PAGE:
aggrievement

noun

ag·​grieve·​ment ə-ˈgrēv-mənt How to pronounce aggrievement (audio)
: the quality or state of being aggrieved

Examples of aggrievement in a Sentence

Recent Examples on the Web Brave Books is a brand fueled by a classic right-wing cocktail of aggrievement and triumphalism. Ron Charles, Washington Post, 31 Mar. 2023 And though his path may strike some as counterintuitive, YoungBoy’s perpetual underdog status only galvanizes his die-hard supporters, for whom aggrievement has become a calling card, regularly spamming comment sections in frantic defense of their favorite. Meaghan Garvey, Billboard, 1 Feb. 2023 The aggrieved white parent is perhaps the most potent reactionary figure in this country and the American classroom is a common scene of their aggrievement, waging battles against school desegregation and leading efforts fighting the teaching of evolution. Esther Wang, The New Republic, 14 July 2021 Fox News is a world view, a lifestyle, a way of seeing the world, a 24/7 warm bath of false nostalgia and aggrievement primarily for older adults – some of whom are likely feeling left behind or threatened by the changes in American life. David Zurawik, CNN, 2 Mar. 2023 Her work — which includes leading the 2,500-member National Republican Lawyers Association — has endeared her to the nation’s most powerful Republican, former President Donald Trump, someone who lives in a near-perpetual state of aggrievement. Joe Garofoli, San Francisco Chronicle, 26 Jan. 2023 If aggrievement offers a general motive for mass murder, a shooter’s choice of location may offer more specific clues as to the circumstances that set him off, experts say. Melissa Healystaff Writer, Los Angeles Times, 25 Jan. 2023 The Russian nationalist leader was a senior lawmaker whose sulphurous rhetoric and antics alarmed the West but appealed to Russians’ aggrievement and wounded pride. Bernard McGhee, al, 31 Dec. 2022 Predictably, the few recent mandates have elicited a good deal of aggrievement and derision from the anti-masking set. Jacob Stern, The Atlantic, 23 Dec. 2022 See More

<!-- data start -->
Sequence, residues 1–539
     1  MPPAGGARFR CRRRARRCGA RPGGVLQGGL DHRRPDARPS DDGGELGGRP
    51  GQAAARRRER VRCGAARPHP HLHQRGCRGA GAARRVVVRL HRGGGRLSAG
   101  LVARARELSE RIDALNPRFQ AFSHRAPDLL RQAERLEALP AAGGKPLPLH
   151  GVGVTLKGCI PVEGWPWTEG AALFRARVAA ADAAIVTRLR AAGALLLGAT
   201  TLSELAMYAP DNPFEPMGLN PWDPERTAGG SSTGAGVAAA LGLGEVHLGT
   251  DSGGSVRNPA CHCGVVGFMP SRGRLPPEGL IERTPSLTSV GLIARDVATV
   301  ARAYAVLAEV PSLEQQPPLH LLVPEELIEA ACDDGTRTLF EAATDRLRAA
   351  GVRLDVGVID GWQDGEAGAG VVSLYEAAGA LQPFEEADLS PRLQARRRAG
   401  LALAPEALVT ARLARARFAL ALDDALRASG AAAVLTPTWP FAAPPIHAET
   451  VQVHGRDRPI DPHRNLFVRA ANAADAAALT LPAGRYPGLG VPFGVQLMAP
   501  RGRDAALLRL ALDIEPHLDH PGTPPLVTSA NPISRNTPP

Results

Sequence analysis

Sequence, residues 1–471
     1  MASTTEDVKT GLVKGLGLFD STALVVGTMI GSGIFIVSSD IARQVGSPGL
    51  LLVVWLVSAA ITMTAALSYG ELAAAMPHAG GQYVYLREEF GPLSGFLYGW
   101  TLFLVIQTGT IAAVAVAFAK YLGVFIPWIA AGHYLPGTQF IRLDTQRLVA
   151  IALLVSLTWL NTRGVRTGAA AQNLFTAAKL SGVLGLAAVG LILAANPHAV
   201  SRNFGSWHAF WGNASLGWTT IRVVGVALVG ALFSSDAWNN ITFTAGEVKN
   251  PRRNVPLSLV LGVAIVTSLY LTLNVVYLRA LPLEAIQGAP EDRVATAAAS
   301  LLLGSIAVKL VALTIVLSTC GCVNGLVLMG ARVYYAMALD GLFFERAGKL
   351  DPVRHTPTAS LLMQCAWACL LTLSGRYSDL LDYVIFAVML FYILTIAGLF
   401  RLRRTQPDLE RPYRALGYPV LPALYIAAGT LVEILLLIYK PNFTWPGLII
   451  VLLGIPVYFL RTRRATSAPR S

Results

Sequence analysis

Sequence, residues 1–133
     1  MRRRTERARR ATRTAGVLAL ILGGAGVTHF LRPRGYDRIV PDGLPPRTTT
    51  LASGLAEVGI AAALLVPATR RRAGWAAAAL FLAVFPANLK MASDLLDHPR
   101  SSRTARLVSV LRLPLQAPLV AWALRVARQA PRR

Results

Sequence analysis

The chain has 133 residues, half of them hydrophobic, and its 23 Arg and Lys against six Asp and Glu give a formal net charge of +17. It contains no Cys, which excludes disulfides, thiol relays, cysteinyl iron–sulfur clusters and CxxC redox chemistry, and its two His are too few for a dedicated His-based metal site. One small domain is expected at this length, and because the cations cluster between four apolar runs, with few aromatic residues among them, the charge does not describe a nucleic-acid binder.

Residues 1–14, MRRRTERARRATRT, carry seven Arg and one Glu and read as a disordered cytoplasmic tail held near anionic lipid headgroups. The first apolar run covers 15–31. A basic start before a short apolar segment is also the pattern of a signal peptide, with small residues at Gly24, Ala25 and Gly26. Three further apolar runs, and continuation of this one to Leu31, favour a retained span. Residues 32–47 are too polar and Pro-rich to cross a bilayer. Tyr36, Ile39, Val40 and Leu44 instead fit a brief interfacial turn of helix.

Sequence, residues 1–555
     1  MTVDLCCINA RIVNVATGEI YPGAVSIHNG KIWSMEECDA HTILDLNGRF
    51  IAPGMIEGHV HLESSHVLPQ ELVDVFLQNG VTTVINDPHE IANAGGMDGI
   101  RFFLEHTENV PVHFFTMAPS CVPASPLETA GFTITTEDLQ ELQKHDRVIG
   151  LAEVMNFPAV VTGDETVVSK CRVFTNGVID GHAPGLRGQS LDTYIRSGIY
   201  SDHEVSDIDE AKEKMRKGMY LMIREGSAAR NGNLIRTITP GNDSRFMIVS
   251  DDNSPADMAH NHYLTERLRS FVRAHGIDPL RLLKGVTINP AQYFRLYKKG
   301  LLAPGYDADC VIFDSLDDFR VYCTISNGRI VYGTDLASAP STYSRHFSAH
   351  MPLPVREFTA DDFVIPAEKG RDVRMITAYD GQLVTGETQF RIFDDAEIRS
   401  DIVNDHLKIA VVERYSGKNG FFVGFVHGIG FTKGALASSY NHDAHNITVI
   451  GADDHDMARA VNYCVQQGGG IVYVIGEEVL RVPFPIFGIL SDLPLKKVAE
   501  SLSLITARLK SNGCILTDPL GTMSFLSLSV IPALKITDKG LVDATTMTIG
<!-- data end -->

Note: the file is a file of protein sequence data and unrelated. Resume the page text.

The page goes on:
These examples are programmatically compiled from various online sources to illustrate current usage of the word 'aggrievement.' Any opinions expressed in the examples do not represent those of Merriam-Webster or its editors. Send us feedback about these examples.

Word History

Etymology

aggrieve + -ment

First Known Use

1646, in the meaning defined above

Time Traveler
The first known use of aggrievement was in 1646

Dictionary Entries Near aggrievement

Cite this Entry

“Aggrievement.” Merriam-Webster.com Dictionary, Merriam-Webster, https://www.merriam-webster.com/dictionary/aggrievement. Accessed 20 Feb. 2024.

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